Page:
Text-A-Tip provides emotional support

Illustration by Ala Jankowski

Illustration by Ala Jankowski

John Schurer, co-news editor

District 225 has partnered with Linking Efforts Against Drugs (LEAD) to provide a 24/7 anonymous text hotline called Text-A-Tip for students at the Glenbrooks.

According to Andy Duran, the executive director for LEAD, they decided to create the service to uphold their goal of offering mental health support for communities such as Glenview.

“It became very clear that students wanted to have a way to reach out in real time via means that they were comfortable with, in this case, texting,” Duran said.

According to Principal Lauren Fagel, all texts are responded to within minutes by a licensed mental health professional from LEAD, who has experience working with youth.

“Counselors, administrators and the licensed professional are unable to trace names or phone numbers, so students can feel absolutely safe reaching out for the help they need,” Fagel said.

Students can text “GBS Help” and their message to 844/823-5323 or download the Text-A-Tip application from iTunes or Google Play. Either way, students will receive a prompt response providing further guidance and support. Although Text-A-Tip has been implemented, the Titan Anonymous Concern Hotline is still an available resource for students. Fagel says that Text-A-Tip is primarily used for oneself, whereas the Titan Anonymous Concern Hotline is usually for reporting concerns about others.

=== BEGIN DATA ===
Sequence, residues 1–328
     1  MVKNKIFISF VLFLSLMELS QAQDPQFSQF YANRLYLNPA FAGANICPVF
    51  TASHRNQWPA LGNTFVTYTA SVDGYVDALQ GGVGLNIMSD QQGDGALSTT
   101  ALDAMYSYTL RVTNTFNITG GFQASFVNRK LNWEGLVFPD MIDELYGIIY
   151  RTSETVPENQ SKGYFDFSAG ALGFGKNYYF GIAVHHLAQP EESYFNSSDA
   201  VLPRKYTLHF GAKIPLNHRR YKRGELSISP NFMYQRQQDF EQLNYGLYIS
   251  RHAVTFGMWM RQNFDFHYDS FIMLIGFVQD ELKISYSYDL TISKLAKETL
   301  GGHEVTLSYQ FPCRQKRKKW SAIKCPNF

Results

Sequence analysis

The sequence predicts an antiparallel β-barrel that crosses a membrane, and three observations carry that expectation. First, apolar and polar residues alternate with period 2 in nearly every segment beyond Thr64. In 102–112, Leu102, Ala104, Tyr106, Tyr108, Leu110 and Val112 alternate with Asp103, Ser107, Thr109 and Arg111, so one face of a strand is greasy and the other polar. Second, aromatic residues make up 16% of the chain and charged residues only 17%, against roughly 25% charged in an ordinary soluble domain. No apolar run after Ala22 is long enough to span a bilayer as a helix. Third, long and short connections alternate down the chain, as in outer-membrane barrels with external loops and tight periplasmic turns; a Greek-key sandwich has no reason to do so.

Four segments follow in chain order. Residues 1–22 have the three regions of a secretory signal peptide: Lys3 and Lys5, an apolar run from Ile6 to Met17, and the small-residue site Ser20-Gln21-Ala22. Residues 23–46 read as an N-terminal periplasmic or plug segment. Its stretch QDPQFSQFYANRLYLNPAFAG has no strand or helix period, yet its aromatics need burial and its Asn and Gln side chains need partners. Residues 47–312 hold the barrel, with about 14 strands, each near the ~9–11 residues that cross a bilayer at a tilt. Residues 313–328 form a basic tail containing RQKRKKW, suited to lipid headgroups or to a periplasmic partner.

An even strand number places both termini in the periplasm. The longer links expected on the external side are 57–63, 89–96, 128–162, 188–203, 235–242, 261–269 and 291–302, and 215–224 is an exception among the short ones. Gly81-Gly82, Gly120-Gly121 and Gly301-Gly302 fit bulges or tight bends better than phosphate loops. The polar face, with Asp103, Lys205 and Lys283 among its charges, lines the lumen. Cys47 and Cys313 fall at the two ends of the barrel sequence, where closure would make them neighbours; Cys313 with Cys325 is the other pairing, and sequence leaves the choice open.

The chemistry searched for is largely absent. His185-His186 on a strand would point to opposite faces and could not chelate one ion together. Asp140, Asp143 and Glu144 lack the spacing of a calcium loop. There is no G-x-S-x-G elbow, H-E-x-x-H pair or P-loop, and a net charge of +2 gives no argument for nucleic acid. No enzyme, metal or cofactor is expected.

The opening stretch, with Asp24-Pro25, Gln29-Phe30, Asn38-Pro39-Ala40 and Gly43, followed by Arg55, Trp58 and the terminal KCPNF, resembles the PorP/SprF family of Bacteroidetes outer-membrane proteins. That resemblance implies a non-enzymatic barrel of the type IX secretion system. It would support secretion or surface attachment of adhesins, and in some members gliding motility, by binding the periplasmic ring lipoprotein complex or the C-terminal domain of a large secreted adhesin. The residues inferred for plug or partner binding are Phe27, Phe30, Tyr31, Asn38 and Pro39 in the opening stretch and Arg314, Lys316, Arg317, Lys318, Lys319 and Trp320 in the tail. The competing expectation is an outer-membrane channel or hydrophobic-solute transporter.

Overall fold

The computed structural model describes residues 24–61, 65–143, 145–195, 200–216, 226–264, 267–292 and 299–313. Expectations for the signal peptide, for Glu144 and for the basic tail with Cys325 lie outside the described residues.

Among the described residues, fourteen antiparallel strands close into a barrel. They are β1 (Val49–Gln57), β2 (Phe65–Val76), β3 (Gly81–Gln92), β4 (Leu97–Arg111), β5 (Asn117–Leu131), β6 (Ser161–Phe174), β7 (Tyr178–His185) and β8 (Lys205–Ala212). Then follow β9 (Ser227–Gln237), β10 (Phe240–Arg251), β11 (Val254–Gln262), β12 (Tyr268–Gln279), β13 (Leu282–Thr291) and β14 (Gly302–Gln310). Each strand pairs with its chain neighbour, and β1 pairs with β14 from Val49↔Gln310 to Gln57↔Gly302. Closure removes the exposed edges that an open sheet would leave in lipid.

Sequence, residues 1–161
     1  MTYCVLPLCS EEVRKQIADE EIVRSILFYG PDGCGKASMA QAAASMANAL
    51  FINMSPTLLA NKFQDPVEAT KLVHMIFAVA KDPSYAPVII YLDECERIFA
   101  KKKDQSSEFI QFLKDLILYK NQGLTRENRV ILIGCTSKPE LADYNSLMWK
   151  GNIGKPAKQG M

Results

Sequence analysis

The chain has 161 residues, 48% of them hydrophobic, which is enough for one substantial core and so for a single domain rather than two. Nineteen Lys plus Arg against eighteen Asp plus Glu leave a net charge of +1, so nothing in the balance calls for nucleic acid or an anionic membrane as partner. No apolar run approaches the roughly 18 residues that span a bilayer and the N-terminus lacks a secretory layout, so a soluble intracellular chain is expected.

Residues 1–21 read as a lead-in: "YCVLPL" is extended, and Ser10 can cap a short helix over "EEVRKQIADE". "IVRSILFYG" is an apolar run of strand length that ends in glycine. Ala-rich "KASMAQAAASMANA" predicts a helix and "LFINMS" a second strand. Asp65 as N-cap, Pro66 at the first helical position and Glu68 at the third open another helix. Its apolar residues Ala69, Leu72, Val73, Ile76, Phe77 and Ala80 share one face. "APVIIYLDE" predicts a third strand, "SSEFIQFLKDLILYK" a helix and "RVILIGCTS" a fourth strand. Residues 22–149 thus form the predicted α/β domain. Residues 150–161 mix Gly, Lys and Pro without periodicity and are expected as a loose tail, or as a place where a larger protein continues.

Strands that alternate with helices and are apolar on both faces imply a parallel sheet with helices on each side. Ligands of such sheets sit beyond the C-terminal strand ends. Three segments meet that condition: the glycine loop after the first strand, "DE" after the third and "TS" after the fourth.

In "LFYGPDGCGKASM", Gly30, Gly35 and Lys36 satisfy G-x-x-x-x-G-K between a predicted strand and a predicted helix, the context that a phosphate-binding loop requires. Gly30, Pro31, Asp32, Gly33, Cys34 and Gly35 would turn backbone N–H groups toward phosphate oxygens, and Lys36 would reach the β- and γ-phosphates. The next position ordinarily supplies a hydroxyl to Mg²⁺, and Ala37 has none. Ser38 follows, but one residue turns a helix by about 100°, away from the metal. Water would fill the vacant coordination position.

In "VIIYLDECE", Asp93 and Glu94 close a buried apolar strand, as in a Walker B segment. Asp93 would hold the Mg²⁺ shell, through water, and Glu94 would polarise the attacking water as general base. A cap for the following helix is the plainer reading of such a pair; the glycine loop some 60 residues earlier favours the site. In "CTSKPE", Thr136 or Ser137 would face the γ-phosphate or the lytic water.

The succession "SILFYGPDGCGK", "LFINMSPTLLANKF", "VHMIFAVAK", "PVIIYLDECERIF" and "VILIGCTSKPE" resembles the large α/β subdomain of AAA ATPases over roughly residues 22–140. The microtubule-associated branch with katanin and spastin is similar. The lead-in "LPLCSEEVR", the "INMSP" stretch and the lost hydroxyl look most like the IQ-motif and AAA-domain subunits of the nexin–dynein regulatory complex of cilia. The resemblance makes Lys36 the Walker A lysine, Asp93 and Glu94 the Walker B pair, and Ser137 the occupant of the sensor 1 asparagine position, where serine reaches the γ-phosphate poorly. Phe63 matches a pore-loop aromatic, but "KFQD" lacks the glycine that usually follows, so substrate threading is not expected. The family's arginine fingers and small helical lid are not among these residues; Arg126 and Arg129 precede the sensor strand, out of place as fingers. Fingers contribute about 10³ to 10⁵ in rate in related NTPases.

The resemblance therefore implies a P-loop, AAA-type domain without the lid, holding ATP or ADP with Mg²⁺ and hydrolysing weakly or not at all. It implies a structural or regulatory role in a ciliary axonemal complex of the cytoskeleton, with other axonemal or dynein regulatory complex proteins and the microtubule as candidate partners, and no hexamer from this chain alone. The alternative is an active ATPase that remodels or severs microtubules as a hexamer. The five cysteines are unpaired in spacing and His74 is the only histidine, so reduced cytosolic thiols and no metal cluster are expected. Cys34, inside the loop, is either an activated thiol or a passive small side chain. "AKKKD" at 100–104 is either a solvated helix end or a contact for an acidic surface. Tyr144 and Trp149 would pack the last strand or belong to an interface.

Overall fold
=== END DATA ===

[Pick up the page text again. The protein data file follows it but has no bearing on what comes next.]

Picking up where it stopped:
“We care deeply about [students’] safety, security and well-being,” Fagel said. “We want [students] to know that help is available to them anytime, simply from the touch of [their] phones.”

Because of Text-A-Tip’s anticipated success, District 225 asked District 34, which serves grades PreK-8, to also consider using Text-A-Tip. Dr.   Mike Riggle, District 225 superintendent, advocates for its implementation in District 34 schools to familiarize students with the service; however, a decision has yet to be made by the administration.

“[Text-A-Tip] is going to be a service that they’ll become used to […] and see as a resource,” Riggle said. “They don’t have to learn a new system and question that system when they enter high school.”

According to LEAD, the ultimate goal is to provide an outlet for youth to voice their concerns about either themselves or someone else, as to help foster a safer and healthier community.